So my audition for The U.S. Army Band (TUSAB) didn't fit any of the above. At least I didn't. I had three years of the Army following high school. Then almost 2 years of college working toward a BS in Math. So, when I heard of the opening at TUSAB, I was at the University of New Mexico (had just transferred from Eastern NM University). I played in the band, but was majoring in math, and had met a fellow named Fred Dart (who I know Rick Floyd, a moderator on this forum, has a nice history with), who had been recently hired in the Music Dept. I asked Fred about the premier Service Bands in Washington, D.C., because I learned he had been in one. He gave me the scoop on the bands and audition stuff. He was nice enough to play with me a few times before I headed off to Washington, D.C. in January 1971 in an Austin Healey Sprite with wife and horn and suitcases stuffed in. And drove through a blizzard in Pennsylvania, and thought my life would end right then.

    So, I had no degree, and was not even studying music. I was just a very prolific player ever since 8th grade. At the audition, I played a couple things I had prepared (one theme and variation solo, and another was an etude, I think). Then a ton of sight reading. I knew the major scales, but only knew about the minor scales, not fluent at all. I was asked to play 3 or 4 of the major scales. Then I was asked to play a D minor scale, I remember it as if it were yesterday, and instant oh-oh. Fortunately, I knew how a minor scale was made, and also knew that I could think of the parallel major and just flat the 3rd, 6th and 7th and I would have the natural minor. I also knew how to make a melodic or harmonic minor, just hadn't really worked them up. So, I can do that sort of thing pretty easily on the fly, my brain just works that way, and managed to pull off the D minor scale as if I had been playing it over and over for years. They were much less impressed with my D minor scale than I was. I played with an ensemble later in the day, and found out that I got the job the next day. No degree, but I had been out in the real world a little with my 3 years in the Army. And I was going on 24 by the time I entered the U.S. Army Band.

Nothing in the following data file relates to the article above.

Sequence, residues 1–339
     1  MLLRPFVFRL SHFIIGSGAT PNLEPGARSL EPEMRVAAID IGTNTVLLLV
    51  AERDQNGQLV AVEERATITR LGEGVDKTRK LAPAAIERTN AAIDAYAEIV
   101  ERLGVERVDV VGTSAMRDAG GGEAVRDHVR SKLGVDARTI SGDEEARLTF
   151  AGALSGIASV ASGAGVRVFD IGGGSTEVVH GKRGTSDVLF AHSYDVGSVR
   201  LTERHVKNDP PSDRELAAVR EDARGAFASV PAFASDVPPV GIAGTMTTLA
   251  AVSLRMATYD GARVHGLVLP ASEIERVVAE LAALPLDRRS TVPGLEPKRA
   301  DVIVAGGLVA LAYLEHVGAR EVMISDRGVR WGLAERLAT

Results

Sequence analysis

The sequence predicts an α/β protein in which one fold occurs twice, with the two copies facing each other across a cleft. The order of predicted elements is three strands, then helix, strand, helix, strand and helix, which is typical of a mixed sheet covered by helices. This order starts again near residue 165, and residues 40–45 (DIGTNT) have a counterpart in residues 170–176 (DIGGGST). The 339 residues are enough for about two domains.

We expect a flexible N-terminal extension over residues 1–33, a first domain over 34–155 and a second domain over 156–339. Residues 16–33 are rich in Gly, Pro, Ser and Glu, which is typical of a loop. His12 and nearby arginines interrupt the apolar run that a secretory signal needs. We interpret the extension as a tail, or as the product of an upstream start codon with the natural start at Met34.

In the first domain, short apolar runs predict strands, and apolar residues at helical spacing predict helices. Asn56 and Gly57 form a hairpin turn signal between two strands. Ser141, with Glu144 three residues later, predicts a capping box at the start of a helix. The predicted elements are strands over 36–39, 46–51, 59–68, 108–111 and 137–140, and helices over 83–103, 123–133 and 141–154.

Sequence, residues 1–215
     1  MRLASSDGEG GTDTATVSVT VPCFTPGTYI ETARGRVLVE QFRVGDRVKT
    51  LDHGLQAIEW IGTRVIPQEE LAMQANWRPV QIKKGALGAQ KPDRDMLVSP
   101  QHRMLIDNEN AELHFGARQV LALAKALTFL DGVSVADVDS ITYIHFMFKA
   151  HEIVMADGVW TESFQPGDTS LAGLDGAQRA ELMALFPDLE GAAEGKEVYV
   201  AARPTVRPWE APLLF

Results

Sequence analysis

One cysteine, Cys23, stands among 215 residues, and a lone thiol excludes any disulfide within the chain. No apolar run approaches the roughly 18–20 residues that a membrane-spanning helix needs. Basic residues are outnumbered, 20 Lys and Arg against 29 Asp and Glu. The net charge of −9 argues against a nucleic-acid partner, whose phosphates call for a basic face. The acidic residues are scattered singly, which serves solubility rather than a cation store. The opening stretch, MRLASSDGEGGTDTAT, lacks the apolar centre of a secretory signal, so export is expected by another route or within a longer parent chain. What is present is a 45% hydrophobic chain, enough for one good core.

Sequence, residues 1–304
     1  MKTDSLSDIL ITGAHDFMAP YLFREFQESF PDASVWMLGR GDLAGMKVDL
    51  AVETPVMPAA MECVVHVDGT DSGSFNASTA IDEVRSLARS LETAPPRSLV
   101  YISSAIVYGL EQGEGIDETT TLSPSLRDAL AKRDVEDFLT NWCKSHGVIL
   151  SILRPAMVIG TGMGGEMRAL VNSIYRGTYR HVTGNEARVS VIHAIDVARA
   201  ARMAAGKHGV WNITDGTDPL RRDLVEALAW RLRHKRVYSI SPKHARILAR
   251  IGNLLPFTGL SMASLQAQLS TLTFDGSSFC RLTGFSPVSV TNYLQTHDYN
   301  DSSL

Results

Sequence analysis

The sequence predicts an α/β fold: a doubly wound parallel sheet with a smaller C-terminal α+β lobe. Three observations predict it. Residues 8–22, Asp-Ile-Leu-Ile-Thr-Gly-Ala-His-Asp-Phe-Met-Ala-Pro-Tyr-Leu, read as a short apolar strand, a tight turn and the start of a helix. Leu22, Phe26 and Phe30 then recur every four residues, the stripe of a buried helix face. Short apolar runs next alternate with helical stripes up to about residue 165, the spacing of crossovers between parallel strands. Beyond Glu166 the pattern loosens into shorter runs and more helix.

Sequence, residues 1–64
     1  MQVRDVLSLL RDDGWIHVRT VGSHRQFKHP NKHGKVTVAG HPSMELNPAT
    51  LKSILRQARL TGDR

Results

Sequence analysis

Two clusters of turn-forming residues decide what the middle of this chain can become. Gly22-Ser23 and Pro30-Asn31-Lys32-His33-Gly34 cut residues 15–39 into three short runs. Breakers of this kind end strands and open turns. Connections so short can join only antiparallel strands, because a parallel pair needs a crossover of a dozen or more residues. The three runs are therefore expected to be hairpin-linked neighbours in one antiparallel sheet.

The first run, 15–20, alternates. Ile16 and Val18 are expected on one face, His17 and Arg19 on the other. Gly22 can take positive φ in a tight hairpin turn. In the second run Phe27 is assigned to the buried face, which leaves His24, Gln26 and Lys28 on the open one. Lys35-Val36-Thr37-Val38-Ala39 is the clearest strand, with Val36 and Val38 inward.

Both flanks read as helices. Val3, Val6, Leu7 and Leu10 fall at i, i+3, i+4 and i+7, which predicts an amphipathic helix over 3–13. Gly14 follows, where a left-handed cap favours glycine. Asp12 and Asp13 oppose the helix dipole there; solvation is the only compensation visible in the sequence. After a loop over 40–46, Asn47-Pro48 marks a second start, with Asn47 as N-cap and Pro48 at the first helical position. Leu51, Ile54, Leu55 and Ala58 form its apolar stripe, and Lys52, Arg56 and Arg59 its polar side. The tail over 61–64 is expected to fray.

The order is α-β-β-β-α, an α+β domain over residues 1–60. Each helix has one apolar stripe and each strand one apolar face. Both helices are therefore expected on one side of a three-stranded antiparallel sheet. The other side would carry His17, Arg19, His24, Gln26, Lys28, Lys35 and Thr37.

I will save the part about going from an E-4 (I had been an E-5 when I left the Army after 3 years after high school, but I was out over two years and you lose a grade for being out that long, so I entered the U.S. Army Band as an E-4) to E-7 in less than 6 months.
    Last edited by John Morgan; 05-09-2019 at 02:10 PM.
    John Morgan
    The U.S. Army Band (Pershing's Own) 1971-1976
    Adams E3 Custom Series Euphonium, Wessex EP-100 Dolce Euphonium, 1956 B&H Imperial Euphonium
    Yamaha YBL-822G Bass Trombone, Edwards T396-A Tenor Trombone, Yamaha YSL-891Z Jazz Trombone
    Wessex TE-360 Bombino Eb Tuba
    Rapid City New Horizons & Municipal Bands (Euphonium)
    Black Hills Symphony Orchestra (Bass Trombone), Powder River Symphony, Gillette, WY (Tenor Trombone)
    Black Hills Brass Quintet (Tuba)

  9. #9
    Quote Originally Posted by John Morgan View Post
    ...I headed off to Washington, D.C. in January 1971 in an Austin Healy Sprite with wife and horn and suitcases stuffed in. And drove through a blizzard in Pennsylvania, and thought my life would end right then.
    A "bug-eye" Sprite? Like the one below? Wow - and I thought I had been brave to make a trip like that in a VW Beetle!

    Click image for larger version. 

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    Dave Werden (ASCAP)
    Euphonium Soloist, U.S. Coast Guard Band, retired
    Adams E3, Denis Wick 4AL (classic)
    Instructor of Euphonium and Tuba
    Twitter: davewerden
    Facebook: davewerden
    YouTube: dwerden
    Owner of TubaEuph.com, DWerden.com

  10. #10
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    Quote Originally Posted by davewerden View Post
    A "bug-eye" Sprite? Like the one below? Wow - and I thought I had been brave to make a trip like that in a VW Beetle!

    Click image for larger version. 

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    Here is mine. I think the bug-eye version went away in the 60's. Mine was about a 1970 model or so. I think everything that could possibly break, broke on that car. It was a labor of love (and money) to keep it running. Taken in Albuquerque...

    Click image for larger version. 

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    Last edited by John Morgan; 05-09-2019 at 02:12 PM.
    John Morgan
    The U.S. Army Band (Pershing's Own) 1971-1976
    Adams E3 Custom Series Euphonium, Wessex EP-100 Dolce Euphonium, 1956 B&H Imperial Euphonium
    Yamaha YBL-822G Bass Trombone, Edwards T396-A Tenor Trombone, Yamaha YSL-891Z Jazz Trombone
    Wessex TE-360 Bombino Eb Tuba
    Rapid City New Horizons & Municipal Bands (Euphonium)
    Black Hills Symphony Orchestra (Bass Trombone), Powder River Symphony, Gillette, WY (Tenor Trombone)
    Black Hills Brass Quintet (Tuba)